As regulators on both sides of the Atlantic look to coerce the banks into doing away with LIBOR before they have to by law, could this be the age of the non-bank market maker and fully self-sufficient OTC derivatives industry?
In 2021, the end of a four and a half decade era will come in the form of LIBOR biting the dust.
The London Interbank Offered Rate (LIBOR) came into widespread use in the 1970s as a reference interest rate for transactions in offshore EUR/USD markets and has been the globally accepted interest-rate average calculated from estimates submitted by the leading banks in London. Each bank estimates what it would be charged were it to borrow from other banks, hence it is a massive benchmark in Tier 1 interbank FX dealing.
Libor rates are calculated for five currencies and seven borrowing periods ranging from overnight to one year and are published each business day by Thomson Reuters and there have been several administrators of it since inception, most recently IntercontinentalExchange (ICE).
In June 2012, multiple criminal settlements by Barclays Bank revealed significant fraud and collusion by member banks connected to the rate submissions, leading to the Libor scandal which decimated the reputation of several Tier 1 institutions and resulted in huge fines, only to be further emphasized just a year later as many of the very same Tier 1 banks were punished severely by the British, Swiss and American authorities for operating internal and inter-institution cartels to manipulate FX benchmark rates.
By way of background, the British Bankers’ Association said on 25 September 2012 that it would transfer oversight of Libor to UK regulators, as proposed by Financial Services Authority managing director Martin Wheatley’s independent review recommendations.
Mr Wheatley’s review recommended that banks submitting rates to Libor must base them on actual inter-bank deposit market transactions and keep records of those transactions, that individual banks’ Libor submissions be published after three months, and recommended criminal sanctions specifically for manipulation of benchmark interest rates.
Financial institution customers may experience higher and more volatile borrowing and hedging costs after implementation of the recommended reforms. The UK government agreed to accept all of the Wheatley Review’s recommendations and press for legislation implementing them.
Significant reforms, in line with the Wheatley Review, came into effect in 2013 and a new administrator took over in early 2014.
The British government regulates Libor through criminal and regulatory laws passed by the Parliament. In particular, the Financial Services Act 2012 brings Libor under UK regulatory oversight and creates a criminal offence for knowingly or deliberately making false or misleading statements relating to benchmark-setting, and by July 2017, Britain’s Financial Conduct Authority (FCA) had officially stated that LIBOR will be phased out by 2021.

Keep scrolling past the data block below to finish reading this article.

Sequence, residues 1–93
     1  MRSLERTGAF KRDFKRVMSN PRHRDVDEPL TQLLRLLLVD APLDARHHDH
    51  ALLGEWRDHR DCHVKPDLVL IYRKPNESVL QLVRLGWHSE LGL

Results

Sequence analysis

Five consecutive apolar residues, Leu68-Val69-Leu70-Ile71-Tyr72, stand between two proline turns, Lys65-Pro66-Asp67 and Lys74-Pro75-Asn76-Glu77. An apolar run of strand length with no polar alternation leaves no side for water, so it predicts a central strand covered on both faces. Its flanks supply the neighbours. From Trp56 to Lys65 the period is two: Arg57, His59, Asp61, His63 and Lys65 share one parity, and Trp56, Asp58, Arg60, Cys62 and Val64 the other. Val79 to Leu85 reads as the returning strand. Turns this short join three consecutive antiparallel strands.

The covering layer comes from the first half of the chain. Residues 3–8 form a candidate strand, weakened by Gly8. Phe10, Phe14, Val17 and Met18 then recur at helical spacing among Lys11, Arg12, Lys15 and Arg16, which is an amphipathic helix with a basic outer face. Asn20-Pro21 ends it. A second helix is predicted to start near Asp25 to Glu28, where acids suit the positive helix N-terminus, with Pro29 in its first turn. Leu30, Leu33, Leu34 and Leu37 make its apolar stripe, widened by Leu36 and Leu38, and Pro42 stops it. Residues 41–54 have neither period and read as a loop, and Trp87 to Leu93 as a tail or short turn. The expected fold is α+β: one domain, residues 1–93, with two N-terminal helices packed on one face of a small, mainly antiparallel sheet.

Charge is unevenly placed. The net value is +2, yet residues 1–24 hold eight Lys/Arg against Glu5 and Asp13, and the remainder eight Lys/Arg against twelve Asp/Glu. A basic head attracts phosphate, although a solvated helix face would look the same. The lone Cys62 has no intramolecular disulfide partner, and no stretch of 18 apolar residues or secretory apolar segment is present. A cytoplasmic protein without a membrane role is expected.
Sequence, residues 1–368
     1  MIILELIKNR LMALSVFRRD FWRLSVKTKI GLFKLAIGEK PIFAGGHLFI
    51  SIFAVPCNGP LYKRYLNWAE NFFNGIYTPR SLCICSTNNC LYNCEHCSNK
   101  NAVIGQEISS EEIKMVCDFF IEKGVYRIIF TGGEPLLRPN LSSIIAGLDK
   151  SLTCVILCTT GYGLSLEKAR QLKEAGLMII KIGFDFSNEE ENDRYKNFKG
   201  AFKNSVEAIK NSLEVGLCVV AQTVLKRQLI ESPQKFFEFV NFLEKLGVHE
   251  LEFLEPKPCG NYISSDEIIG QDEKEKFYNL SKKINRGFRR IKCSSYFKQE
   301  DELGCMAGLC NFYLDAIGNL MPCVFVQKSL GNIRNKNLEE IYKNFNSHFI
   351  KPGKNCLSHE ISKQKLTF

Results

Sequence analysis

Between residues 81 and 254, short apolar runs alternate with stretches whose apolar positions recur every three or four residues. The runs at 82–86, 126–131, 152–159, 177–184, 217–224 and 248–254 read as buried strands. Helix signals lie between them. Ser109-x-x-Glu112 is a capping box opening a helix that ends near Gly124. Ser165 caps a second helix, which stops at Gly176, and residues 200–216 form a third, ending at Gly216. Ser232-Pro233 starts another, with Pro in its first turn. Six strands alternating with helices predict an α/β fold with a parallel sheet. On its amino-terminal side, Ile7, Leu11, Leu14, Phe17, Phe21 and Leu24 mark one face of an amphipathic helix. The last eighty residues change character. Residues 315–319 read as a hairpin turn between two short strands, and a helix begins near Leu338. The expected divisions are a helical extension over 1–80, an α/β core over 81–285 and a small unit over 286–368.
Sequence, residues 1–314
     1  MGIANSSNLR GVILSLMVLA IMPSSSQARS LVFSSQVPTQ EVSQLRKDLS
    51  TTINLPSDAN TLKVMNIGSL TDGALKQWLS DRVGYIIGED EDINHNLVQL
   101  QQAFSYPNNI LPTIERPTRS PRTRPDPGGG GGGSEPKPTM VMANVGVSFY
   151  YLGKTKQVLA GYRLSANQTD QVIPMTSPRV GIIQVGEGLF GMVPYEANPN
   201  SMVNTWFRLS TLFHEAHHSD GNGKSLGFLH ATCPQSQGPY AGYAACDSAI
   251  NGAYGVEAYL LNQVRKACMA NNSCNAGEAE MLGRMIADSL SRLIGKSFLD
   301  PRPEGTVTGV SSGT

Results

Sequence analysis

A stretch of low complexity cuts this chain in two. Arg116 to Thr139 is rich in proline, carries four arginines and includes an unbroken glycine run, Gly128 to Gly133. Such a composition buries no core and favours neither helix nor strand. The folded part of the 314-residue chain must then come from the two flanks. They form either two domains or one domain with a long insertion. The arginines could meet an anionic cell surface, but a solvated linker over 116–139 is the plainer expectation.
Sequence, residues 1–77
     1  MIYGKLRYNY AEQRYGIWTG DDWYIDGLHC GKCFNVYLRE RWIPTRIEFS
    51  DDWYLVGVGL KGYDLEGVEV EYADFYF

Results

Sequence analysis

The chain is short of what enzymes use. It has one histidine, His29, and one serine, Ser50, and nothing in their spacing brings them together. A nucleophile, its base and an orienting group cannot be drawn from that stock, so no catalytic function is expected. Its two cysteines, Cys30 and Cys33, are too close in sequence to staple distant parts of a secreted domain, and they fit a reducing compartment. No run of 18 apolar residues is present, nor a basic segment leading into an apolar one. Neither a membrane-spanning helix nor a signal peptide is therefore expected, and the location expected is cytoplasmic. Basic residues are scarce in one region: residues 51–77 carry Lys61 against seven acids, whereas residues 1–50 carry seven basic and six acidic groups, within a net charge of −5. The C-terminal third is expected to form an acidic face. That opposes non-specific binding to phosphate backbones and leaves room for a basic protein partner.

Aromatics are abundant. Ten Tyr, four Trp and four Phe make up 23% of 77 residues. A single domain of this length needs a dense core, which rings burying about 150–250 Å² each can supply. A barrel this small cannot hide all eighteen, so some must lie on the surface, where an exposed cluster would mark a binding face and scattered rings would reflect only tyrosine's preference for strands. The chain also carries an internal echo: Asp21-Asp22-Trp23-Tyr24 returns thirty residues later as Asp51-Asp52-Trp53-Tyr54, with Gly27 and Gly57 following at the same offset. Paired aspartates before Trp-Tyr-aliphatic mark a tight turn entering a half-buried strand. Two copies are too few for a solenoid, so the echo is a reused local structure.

Now, on the other side of the Atlantic Ocean, the United States Federal Reserve Bank, which is the official issuer of the US Dollar, has begun to speak out to financial institutions, advocating their move away from it without delaying till the last minute.
Yesterday, Federal Reserve President John Williams said financial institutions “must not wait” to stop using the lending benchmark in a speech in New York yesterday.
At the same event, the chief executive of the UK’s Financial Conduct Authority (FCA) Andrew Bailey said the financial sector should not rely on lawmakers to solve the issue of Libor-linked contracts.
Mr Williams spoke publicly yesterday, saying that companies urgently needed to transition to other benchmark rates. “Every new US dollar Libor contract written digs a deeper hole that will be harder to climb out of,” he said.
In London, FCA Chief Executive Andrew Bailey said financial institutions must “very carefully consider their fallback provisions” to ensure that contracts are still viable when Libor ceases to operate.
Mr Bailey said it was a possibility that banks could be banned from using Libor as the basis for new contracts soon after 2021, should it be deemed officially “unrepresentative” of market behaviour.
In May this year, Australia’s ASIC told firms to begin their planning for the transition away from LIBOR.
It would certainly be a difficult situation in the eyes of the B2B partners and liquidity takers from Tier 1 banks if said banks end up being censured by the major regulators in the world’s two most important financial centers for late revocation of LIBOR and for creating invalid contracts, ergo, it is entirely possible that in the OTC derivatives sector, even more reliance on non-bank market makers such as XTX Markets and interdealer brokerages may surface.
Given XTX Markets’ dominance in Tier 1 FX dealing over even the largest banks, does this now mean that the OTC derivatives sector will become totally self-sufficient right the way up to Tier 1 dealing level?
If so, perhaps those high value acquisitions which included Hotspot FX, and FXall were the brainchild of corporate visionaries who could see this coming.